I wrote a paper that invalids a previous result. The referee heavily attacks "minor points" such as typos, misuse of jargons, overall "hard to read", and some story-telling or speculation could be off. The referee avoids direct commenting on the main result.

My question is, in an academic debate, how to deal with people rejecting or attacking a paper not for its major contribution but for "minor" things?

Or, should I convince myself that those "minor things" are not actually minor?

  • 7
    "Hard to read" can be a major point, especially if it prevents understanding of the main result. Commented Nov 29, 2022 at 10:51
  • 9
    How to deal with that: by improving the presentation of your paper. These are only minor things to you, because you already understand your results. To somebody trying to validate your claims not being able to properly follow the paper is a major problem.
    – xLeitix
    Commented Nov 29, 2022 at 10:54
  • 4
    As a reviewer, I had some papers that were ok content-wise, but so badly structured and written that I hard time understanding what the authors were trying to say. So no, this is not a minor issue.
    – Sursula
    Commented Nov 29, 2022 at 11:03
  • What was the referee's overall accept/reject recommendation (including major/minor revisions, etc)? Likewise, what was the editor's accept/reject decision? Commented Nov 30, 2022 at 16:14
  • @NateEldredge Rejection and rejection
    – dodo
    Commented Dec 1, 2022 at 6:31

2 Answers 2


It is unclear from your question what the context is for a referee to be offering comments on your paper. You refer to it as an "academic debate" but refereeing of a paper for peer review is not a debate --- it is a process where referees seek to identify problems in a paper that ought to be fixed before publication occurs. If this is the context then I would recommend that you be thankful that you have referees who are doing a through job of reviewing your papers and pointing out shortcomings.

In cases where a paper is hard to read or understand, the reviewers will sometimes want this aspect of the paper fixed before proceeding to a substantive review of the ideas in the paper. That can occur when there are problems with the writing that obscure the main idea in the paper or distract from the main idea to such an extent that the referee does not wish to review that aspect of the paper at the present time. From your description it sounds like these issues are a barrier to publication and are possibly even a barrier to substantive review of your main argument, so I would not consider them to be minor issues (based on your description). Even if you were to conclude that the points raised are "minor", where does your evaluative labelling of the referee comments get you?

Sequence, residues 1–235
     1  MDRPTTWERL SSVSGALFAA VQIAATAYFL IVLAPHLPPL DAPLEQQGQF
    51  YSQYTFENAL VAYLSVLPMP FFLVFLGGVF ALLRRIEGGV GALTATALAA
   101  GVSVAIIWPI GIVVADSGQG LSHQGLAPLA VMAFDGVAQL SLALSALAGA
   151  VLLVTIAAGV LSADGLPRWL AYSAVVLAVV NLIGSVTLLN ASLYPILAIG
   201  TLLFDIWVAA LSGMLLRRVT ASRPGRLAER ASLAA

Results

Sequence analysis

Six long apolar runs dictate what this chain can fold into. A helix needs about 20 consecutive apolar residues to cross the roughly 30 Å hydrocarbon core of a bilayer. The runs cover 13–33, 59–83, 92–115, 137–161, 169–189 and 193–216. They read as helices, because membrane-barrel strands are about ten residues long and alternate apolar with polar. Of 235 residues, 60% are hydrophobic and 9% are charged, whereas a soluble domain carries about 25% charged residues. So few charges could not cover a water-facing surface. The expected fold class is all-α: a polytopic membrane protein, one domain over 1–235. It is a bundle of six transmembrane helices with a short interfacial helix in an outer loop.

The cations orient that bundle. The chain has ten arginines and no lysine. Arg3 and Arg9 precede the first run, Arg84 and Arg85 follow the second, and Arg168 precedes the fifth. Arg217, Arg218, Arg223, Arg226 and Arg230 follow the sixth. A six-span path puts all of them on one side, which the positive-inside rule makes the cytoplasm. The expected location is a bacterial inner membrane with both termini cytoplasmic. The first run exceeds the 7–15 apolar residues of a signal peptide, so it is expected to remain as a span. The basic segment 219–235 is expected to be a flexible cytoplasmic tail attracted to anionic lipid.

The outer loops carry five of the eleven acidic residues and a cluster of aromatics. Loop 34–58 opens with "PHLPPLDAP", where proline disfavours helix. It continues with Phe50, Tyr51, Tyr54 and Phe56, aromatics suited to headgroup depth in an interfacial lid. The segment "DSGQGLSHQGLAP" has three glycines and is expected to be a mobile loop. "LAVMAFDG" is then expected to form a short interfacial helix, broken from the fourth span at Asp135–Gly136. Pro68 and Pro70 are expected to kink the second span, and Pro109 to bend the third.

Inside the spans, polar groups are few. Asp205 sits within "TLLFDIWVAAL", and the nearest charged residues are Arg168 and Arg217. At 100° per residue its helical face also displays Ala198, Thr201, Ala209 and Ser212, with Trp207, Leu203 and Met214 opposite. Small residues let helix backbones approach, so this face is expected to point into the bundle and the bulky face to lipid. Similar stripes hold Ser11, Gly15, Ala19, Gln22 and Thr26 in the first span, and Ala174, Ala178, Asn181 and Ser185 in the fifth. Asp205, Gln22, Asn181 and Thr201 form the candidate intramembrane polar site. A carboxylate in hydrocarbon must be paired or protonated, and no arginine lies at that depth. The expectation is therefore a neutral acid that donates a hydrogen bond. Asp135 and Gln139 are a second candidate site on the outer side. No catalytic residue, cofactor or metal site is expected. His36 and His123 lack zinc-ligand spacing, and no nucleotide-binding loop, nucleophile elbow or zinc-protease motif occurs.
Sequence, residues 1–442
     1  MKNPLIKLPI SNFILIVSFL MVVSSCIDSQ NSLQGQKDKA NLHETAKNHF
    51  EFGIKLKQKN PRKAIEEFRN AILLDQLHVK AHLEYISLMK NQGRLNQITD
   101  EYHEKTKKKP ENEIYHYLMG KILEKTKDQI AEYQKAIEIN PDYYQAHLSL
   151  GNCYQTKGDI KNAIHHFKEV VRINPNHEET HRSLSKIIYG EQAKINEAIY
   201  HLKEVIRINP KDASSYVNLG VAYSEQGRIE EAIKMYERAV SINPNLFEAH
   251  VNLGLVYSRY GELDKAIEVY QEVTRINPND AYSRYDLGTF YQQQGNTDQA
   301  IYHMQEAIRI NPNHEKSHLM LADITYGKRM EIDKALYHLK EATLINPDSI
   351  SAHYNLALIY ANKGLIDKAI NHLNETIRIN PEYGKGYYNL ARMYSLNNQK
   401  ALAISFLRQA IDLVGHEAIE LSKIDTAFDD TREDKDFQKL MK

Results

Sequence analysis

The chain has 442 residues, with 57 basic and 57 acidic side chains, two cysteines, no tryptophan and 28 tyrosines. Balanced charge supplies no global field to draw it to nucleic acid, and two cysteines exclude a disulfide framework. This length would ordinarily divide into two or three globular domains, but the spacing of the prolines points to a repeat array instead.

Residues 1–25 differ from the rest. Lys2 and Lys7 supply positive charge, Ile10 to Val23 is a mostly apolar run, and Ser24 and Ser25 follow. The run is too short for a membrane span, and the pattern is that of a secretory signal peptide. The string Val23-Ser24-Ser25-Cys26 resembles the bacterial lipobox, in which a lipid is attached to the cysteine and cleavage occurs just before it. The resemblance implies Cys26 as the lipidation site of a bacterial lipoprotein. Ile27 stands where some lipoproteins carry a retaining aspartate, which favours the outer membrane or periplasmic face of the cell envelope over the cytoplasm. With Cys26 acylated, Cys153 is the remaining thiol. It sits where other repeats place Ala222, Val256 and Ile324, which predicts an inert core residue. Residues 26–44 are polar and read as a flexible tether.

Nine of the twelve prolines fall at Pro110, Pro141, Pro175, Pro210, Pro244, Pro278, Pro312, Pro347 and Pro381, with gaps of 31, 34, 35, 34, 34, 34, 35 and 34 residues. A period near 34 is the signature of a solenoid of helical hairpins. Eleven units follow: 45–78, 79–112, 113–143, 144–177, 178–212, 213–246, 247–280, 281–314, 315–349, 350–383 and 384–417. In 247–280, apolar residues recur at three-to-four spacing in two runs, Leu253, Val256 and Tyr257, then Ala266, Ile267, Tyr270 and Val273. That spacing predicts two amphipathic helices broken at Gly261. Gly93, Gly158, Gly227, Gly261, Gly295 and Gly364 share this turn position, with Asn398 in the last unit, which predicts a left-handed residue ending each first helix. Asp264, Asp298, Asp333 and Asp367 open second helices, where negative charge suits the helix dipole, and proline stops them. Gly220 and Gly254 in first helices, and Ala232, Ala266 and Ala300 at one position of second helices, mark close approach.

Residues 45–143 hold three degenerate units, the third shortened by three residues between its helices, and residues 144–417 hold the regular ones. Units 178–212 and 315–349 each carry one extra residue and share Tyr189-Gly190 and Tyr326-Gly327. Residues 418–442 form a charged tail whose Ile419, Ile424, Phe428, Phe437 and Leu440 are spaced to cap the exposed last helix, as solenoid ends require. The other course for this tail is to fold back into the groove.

• I refer it as "academic debate" because the referee is clearly supporting the old result which I try to invalids. They also write to state that the old result is flawless. Not sure if my wording is accurate.
    – dodo
    Commented Nov 29, 2022 at 12:24
  • 7
    @dodo It's generally a reasonable position that the generally accepted/"old" result has precedence. If you want to argue for something new, it's up to you to make the most clear, flawless case. It doesn't sound like you've done anything approaching that, and until you do, you should consider your presentation highly flawed rather than considering anyone else in debate with you. You haven't done the full required work yet.
    – Bryan Krause
    Commented Nov 29, 2022 at 14:29

Right now - fix those issues.

You can disagree with reviewers and offer counter-arguments at any time during the review process. There can be an irreconcilable difference of opinion, usually concerning stylistic choices; ultimately, it would be up to the editor and authors to resolve. But outright disagreeing from the very beginning is almost never a good idea.

You see, reviewers are not your enemies nor the obstacles standing between you and another line in your CV. They are fellow researchers who spend their unpaid time trying to help you improve the article and offering the perspective you do not have. They are among what is statistically likely to be very few people who will ever read this work, and they are generally more representative of the potential reader than you, the authors. If you fail to convince them, what makes you believe this paper of yours would be good at convincing anyone at all? And also, if the reviewer agreed with your main idea, would you be any more inclined to address these "minor" issues?

Try your best to understand the criticism and improve the manuscript. If you believe there is a conflict of interest or genuine stubbornness, claims along the lines of "the old result is flawless, the paper is wrong" are generally dismissible if the reviewer can not be bothered to elaborate on their stance. Of course, you should respond in a civil way, explaining that you have provided arguments A, B, and C, neither of which was challenged in any way.

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